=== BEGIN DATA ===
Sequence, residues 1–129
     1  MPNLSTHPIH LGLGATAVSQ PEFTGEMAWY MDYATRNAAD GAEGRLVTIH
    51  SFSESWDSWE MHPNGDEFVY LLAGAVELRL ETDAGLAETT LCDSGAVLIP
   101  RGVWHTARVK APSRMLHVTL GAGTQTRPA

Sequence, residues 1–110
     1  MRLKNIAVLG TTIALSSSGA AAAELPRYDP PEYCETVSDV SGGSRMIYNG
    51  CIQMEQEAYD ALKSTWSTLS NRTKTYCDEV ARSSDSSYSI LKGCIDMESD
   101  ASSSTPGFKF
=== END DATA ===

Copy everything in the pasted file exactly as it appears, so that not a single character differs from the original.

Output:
Sequence, residues 1–129
     1  MPNLSTHPIH LGLGATAVSQ PEFTGEMAWY MDYATRNAAD GAEGRLVTIH
    51  SFSESWDSWE MHPNGDEFVY LLAGAVELRL ETDAGLAETT LCDSGAVLIP
   101  RGVWHTARVK APSRMLHVTL GAGTQTRPA

Sequence, residues 1–110
     1  MRLKNIAVLG TTIALSSSGA AAAELPRYDP PEYCETVSDV SGGSRMIYNG
    51  CIQMEQEAYD ALKSTWSTLS NRTKTYCDEV ARSSDSSYSI LKGCIDMESD
   101  ASSSTPGFKF